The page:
Flavectomy is started only after all the bony work finish, this is can be done either en bloc resection or piece by piece using Kerrison punch. (Fig. 3) We do not routinely do total flavectomy, it is depends complains of the patients, the severity of flavum thickening and location of the stenosis. Complete decompression would have sign of pulsating thecal sac, traversing nerve root and exiting nerve root.
Discectomy, endplate removal and cage insertion
Radiofrequency probe is used to expose the disc, usually there are a lot of epidural veins and some adhesion of the dura to the disc. Using the nerve retractor inserted from the working channel we can mobilize the traversing nerve root and the thecal sac towards medial side. Annulotomy is started using radiofrequency probe and continue with discectomy using shaver, currettes, forceps and endplate remover. (Fig. 4) Endplate preparation is finish until we can see multiple spot of bone bleeding, this bone bleeding can only be seen by the aid of endoscopy because the lens can go to the disc space. (Fig. 5) The next step would be trying the cage until the appropriate size, this cage trial are inserted through the working channel. (Fig. 6) Insertion of the cage for the right handed person is preferably done through the right side of the patients, especially on the level L45 or L5S1, because the working portal is located on the rostral side and in these level the intervertebral space are tilted towards the caudal side. (Fig. 7,8,9)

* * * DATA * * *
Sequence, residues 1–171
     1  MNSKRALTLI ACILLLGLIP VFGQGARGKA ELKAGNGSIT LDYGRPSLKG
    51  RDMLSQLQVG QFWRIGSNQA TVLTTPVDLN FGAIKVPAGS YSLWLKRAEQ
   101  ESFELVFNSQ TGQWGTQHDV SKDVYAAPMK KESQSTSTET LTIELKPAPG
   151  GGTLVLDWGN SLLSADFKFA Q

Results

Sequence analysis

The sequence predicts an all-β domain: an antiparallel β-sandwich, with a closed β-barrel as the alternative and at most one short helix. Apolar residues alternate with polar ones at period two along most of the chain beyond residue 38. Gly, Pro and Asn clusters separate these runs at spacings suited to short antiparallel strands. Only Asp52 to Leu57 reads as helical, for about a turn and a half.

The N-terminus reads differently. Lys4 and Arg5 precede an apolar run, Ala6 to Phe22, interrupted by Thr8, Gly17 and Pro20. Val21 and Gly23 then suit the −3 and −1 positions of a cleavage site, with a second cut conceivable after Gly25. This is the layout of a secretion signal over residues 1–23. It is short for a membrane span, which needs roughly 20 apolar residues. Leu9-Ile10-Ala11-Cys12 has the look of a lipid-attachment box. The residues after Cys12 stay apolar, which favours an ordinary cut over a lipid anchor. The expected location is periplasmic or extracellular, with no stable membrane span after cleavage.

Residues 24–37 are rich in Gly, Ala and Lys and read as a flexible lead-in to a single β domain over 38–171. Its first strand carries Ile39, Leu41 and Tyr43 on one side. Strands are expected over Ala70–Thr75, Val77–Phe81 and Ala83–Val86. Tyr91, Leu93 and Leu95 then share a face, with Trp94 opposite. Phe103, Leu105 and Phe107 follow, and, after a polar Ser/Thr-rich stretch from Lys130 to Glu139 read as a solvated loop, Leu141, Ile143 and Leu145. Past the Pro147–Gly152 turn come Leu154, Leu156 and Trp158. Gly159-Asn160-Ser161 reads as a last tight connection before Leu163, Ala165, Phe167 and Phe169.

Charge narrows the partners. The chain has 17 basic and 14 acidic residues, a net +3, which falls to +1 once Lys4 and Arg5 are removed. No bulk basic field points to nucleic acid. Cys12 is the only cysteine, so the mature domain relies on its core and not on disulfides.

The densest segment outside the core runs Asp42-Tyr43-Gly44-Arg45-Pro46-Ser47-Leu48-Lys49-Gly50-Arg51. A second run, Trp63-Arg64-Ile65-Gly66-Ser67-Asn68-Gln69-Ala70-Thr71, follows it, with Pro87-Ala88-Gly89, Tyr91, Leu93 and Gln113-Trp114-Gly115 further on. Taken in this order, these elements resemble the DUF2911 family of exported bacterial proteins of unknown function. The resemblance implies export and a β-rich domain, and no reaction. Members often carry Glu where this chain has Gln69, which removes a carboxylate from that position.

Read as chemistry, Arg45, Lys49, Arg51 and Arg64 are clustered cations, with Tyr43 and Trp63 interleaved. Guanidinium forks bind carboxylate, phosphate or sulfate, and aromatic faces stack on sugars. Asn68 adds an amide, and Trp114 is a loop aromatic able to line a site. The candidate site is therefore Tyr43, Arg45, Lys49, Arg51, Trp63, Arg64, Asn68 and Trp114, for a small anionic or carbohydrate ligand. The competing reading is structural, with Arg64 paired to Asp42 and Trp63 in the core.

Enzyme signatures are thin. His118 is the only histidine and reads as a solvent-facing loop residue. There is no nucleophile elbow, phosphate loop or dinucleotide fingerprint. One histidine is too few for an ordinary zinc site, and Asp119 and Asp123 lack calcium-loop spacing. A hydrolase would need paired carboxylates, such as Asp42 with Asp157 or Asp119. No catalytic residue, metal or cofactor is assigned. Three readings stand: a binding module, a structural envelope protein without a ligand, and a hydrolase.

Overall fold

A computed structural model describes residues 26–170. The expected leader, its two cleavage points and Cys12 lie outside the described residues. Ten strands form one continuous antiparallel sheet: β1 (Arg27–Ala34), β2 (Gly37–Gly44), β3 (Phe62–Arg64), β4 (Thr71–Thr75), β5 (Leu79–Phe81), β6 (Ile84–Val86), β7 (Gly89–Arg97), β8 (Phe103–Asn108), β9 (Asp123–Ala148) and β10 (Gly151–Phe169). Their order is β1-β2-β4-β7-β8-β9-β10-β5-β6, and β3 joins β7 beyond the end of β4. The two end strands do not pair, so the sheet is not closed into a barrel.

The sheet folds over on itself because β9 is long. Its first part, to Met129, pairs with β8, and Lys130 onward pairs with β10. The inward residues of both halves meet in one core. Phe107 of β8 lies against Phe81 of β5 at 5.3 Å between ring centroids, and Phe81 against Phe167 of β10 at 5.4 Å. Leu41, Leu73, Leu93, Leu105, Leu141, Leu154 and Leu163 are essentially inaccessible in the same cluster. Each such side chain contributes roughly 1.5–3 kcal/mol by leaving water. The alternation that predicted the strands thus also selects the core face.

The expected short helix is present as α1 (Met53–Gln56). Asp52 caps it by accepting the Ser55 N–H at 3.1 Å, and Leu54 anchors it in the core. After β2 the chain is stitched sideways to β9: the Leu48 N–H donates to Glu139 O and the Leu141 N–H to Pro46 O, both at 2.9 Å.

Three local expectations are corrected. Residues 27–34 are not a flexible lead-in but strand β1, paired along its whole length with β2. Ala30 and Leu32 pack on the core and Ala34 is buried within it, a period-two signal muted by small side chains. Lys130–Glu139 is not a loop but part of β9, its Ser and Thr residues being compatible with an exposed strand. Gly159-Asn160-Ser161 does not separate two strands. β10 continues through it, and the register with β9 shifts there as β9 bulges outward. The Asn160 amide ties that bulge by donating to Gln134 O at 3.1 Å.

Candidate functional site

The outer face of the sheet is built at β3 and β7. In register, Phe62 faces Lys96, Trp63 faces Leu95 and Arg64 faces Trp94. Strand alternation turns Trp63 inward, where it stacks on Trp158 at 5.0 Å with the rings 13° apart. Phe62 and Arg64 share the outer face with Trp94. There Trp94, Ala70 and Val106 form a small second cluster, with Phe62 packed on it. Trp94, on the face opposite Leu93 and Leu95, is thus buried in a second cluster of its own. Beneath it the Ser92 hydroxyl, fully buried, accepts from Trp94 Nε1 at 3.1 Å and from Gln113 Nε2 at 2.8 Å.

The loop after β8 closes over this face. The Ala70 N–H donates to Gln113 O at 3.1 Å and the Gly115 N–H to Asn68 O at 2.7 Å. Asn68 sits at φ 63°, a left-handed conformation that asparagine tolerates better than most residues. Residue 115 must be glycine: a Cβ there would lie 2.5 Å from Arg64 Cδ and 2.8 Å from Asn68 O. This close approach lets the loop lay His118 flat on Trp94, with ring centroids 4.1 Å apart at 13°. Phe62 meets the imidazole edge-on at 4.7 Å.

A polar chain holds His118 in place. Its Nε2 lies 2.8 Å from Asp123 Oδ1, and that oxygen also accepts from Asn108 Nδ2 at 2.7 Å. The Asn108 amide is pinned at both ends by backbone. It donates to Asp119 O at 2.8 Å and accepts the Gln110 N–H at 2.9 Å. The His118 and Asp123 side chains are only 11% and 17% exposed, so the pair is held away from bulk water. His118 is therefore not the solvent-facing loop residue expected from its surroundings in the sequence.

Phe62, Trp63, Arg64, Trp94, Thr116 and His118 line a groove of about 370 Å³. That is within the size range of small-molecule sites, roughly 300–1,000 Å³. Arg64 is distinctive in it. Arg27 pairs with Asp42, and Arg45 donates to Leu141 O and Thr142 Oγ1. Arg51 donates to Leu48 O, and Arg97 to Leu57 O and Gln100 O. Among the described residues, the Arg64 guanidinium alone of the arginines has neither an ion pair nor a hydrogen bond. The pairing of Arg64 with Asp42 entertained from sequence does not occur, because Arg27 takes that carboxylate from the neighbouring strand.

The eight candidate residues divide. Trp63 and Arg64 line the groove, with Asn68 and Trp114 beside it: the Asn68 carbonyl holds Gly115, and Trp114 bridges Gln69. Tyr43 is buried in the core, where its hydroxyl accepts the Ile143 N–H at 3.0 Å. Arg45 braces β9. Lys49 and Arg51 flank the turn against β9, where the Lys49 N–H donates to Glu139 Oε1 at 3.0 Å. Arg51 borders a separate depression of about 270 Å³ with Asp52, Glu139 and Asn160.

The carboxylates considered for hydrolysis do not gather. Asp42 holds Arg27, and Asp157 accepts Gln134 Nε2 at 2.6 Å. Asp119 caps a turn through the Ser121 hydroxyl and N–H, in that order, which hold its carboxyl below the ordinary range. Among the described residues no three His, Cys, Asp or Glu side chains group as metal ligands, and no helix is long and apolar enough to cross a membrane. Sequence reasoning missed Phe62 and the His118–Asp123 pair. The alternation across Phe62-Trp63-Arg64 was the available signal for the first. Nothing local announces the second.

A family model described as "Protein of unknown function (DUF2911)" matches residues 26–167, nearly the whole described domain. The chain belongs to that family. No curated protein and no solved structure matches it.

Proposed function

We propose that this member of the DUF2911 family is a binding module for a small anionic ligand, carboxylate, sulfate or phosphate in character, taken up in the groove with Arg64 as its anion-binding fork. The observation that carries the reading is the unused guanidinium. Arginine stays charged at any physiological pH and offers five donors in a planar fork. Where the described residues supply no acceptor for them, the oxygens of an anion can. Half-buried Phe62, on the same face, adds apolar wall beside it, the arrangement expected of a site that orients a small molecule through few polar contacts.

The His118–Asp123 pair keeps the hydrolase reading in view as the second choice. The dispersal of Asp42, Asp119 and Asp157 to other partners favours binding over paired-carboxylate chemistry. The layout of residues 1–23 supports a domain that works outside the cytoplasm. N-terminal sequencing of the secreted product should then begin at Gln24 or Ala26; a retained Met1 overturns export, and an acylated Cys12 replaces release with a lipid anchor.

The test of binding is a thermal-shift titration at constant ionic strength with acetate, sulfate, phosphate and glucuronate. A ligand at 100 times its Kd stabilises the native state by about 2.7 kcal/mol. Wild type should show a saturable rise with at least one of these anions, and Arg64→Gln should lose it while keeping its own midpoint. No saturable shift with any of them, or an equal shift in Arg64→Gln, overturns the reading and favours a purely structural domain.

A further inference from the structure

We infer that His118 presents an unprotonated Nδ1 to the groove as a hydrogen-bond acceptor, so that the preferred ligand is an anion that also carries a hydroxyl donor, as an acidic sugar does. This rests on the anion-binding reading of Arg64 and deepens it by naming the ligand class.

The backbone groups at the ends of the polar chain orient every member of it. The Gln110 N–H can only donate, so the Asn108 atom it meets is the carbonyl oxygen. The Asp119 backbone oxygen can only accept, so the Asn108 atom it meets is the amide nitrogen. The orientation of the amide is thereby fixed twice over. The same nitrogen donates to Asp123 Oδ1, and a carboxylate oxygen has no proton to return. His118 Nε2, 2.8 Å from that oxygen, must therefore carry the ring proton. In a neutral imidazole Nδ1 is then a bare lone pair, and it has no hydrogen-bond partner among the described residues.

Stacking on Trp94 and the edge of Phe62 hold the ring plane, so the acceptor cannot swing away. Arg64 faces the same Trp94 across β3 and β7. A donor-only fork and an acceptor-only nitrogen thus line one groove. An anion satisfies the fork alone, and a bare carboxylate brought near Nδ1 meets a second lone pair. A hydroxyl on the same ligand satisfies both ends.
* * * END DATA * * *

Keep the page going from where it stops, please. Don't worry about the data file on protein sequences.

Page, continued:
Pedicle screw insertion and listhesis reduction
Supplementation pedicle screw fixation are done using percutaneous technique under florouscopic guidance. (Fig. 10) In order to reduce the listhesis, there are several technique that we can do :
- The rostral pedicle screw are inserted deeper in order to help reducing the listhesis.
- Patients are position on extension by neutraling the table
- Inserting the rod for cantilever maneuver by tightening the caudal screw and then tightening the rostral screw.